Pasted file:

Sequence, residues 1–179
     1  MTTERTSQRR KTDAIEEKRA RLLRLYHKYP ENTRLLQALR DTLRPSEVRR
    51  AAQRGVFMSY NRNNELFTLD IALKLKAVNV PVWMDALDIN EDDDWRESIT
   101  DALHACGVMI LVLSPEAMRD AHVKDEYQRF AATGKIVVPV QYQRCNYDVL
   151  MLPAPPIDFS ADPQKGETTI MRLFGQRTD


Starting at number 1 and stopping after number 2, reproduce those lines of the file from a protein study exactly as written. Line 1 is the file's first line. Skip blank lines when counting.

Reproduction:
Sequence, residues 1–179
     1  MTTERTSQRR KTDAIEEKRA RLLRLYHKYP ENTRLLQALR DTLRPSEVRR